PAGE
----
MRI of inner ear used for evaluation of Ménière disease
Magnetic resonance imaging (MRI) assessment of endolymphatic hydrops can help in the evaluation of Ménière disease (MD), according to a study published online July 25 in Frontiers in Neurology.
Seung Cheol Han, from Seoul National University College of Medicine in South Korea, and colleagues assessed 123 patients with MD using MRI and the HYDROPS (HYbriD of Reversed image Of Positive endolymph signal and native image of positive perilymph Signal) protocol to examine the effectiveness of MRI for visualization of the endolymphatic space.
The researchers found that 80 participants had definite MD, 11 had probable MD, and 32 had possible MD based on the 1995 American Academy of Otolaryngology-Head and Neck Surgery guidelines. Cochlear hydrops and vestibular hydrops were detected in 58 and 80 percent of definite MD ears, 33 and 58 percent of probable MD ears, and 5 and 27 percent of possible MD ears, respectively. There was a significant increase seen in the proportion of higher hydrops grades with grade according to the MD diagnostic scale. In patients with hydrops grade 2 versus hydrops grade 0 in both the cochlea and the vestibule, both pure tone average and low tone average were significantly higher. In patients with grade 2 versus grade 0 vestibular hydrops, canal paresis was significantly higher. There was no association observed between disease duration and hydrops grade.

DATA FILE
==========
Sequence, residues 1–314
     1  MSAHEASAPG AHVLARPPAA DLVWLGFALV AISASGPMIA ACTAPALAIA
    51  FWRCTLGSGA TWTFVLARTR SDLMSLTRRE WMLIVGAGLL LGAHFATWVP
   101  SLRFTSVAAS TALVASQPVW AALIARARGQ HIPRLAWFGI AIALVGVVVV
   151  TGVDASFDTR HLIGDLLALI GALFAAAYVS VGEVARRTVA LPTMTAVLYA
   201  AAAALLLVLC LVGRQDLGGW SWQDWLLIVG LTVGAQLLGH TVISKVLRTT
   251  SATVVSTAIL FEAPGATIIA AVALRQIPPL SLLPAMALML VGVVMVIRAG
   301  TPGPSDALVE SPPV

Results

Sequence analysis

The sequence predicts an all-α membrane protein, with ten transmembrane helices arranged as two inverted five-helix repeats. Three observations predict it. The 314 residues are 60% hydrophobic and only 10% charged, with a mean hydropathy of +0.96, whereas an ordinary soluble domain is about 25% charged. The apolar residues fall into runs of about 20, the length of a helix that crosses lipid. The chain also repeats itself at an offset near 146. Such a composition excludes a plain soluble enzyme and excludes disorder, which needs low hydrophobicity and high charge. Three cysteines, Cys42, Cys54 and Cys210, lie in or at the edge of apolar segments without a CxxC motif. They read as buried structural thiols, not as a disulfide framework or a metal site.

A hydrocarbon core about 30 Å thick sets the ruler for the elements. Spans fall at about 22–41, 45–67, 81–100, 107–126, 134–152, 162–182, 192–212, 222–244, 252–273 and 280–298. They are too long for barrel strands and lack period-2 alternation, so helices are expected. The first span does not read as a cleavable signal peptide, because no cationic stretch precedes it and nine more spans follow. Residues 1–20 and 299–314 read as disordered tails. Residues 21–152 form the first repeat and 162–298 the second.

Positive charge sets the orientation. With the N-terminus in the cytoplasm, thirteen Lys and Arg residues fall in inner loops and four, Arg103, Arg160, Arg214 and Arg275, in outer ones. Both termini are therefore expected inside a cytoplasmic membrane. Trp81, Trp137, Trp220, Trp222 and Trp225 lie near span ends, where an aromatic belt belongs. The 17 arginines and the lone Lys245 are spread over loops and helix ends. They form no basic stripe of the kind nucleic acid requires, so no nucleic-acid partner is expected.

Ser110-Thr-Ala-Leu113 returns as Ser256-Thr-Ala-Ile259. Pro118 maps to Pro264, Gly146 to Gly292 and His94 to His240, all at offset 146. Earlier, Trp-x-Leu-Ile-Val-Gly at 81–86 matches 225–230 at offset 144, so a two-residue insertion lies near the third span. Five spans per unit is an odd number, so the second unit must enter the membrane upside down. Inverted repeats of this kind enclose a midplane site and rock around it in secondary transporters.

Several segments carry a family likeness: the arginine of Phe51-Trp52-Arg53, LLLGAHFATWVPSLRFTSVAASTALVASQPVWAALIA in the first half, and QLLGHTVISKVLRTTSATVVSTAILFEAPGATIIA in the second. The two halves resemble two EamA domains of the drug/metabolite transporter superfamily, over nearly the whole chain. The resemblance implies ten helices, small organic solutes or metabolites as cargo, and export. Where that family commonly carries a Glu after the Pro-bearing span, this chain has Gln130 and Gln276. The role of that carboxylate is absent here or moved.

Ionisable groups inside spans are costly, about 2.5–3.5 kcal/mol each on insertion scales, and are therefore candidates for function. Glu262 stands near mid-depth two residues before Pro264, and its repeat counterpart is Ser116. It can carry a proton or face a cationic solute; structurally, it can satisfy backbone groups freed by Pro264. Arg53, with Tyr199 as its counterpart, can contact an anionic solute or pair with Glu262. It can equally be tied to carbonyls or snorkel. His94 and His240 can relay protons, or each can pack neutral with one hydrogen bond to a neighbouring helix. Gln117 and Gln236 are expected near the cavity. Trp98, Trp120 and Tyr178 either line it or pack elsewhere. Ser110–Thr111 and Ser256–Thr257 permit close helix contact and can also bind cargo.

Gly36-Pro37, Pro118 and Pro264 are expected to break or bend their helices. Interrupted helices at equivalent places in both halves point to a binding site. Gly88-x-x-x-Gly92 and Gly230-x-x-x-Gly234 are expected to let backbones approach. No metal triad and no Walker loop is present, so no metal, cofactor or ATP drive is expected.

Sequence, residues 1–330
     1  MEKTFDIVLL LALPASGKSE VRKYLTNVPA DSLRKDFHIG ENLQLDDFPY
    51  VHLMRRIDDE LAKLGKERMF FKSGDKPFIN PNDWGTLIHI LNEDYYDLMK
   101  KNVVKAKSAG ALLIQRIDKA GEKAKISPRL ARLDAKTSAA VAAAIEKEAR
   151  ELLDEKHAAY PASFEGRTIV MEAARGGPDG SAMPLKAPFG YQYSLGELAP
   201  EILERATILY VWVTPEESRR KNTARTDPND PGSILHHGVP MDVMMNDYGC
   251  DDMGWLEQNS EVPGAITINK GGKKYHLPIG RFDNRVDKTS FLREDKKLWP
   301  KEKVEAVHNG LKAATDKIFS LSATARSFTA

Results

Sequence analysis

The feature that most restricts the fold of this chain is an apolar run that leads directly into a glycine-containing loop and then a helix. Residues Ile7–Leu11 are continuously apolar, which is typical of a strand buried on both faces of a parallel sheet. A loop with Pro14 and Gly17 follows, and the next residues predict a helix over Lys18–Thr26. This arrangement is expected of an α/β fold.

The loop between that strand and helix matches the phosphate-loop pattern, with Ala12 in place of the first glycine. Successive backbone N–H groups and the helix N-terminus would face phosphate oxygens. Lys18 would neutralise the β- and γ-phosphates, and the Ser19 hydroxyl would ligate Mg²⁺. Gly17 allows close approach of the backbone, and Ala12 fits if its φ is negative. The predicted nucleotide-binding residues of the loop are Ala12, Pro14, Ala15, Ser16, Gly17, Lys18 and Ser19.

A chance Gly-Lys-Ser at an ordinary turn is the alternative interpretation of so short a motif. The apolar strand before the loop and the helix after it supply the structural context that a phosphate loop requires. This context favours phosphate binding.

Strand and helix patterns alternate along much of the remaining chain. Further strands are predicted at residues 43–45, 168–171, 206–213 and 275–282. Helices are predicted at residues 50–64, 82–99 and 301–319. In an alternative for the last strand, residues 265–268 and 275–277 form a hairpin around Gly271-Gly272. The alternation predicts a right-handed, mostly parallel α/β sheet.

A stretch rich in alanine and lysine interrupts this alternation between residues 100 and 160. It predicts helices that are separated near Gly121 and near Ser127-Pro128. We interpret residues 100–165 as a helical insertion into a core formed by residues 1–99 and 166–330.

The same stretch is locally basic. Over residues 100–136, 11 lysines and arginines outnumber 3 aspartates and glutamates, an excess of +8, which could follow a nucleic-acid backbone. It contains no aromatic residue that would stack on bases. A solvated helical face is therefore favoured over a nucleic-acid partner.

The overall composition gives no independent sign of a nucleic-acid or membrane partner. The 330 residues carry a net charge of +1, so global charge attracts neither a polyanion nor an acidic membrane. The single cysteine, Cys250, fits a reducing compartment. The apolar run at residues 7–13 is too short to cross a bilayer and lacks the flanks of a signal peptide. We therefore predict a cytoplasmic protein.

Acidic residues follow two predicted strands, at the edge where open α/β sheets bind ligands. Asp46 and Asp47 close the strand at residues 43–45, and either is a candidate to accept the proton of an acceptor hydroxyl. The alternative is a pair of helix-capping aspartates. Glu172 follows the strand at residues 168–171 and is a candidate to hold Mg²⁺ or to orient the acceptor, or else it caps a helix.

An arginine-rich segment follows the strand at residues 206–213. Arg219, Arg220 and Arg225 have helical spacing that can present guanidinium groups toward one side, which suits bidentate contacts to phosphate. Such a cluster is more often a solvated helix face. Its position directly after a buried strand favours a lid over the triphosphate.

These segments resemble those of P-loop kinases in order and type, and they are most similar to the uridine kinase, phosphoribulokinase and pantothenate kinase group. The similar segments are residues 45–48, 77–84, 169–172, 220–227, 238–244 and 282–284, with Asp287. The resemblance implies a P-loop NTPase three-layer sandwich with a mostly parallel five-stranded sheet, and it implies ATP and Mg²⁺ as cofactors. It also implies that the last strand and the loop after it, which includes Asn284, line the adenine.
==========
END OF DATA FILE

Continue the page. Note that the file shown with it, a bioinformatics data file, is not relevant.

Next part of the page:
"Radiological evaluation of MD using the HYDROPS protocol is useful for evaluation of the extent and severity of endolymphatic hydrops in the diagnosis of MD based on its pathophysiological mechanism," the authors write.
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